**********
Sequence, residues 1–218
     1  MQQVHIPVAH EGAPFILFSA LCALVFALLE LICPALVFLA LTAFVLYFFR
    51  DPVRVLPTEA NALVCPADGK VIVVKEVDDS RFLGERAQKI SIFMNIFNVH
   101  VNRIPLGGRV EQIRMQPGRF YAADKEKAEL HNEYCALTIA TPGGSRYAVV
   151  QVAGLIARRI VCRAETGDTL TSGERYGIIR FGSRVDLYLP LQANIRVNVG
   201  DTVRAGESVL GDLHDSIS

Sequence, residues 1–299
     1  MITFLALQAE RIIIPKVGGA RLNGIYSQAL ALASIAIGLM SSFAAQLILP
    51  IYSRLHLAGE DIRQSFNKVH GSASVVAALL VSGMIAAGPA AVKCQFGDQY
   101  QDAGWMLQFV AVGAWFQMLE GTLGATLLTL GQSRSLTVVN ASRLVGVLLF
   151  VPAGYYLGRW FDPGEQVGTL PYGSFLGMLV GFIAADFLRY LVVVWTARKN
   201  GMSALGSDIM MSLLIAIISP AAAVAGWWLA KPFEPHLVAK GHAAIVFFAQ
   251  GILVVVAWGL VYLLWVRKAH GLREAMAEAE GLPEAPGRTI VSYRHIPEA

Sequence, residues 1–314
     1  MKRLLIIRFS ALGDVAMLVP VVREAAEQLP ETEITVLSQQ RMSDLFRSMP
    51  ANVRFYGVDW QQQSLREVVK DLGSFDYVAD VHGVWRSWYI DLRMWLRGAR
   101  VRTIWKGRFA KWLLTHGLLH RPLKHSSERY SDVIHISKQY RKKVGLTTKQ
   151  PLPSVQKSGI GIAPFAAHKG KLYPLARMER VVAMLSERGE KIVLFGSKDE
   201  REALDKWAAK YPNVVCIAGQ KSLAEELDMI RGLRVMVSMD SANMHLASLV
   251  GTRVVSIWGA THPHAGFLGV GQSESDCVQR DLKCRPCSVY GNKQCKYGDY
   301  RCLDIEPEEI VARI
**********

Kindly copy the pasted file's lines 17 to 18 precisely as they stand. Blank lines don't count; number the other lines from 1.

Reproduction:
   101  VRTIWKGRFA KWLLTHGLLH RPLKHSSERY SDVIHISKQY RKKVGLTTKQ
   151  PLPSVQKSGI GIAPFAAHKG KLYPLARMER VVAMLSERGE KIVLFGSKDE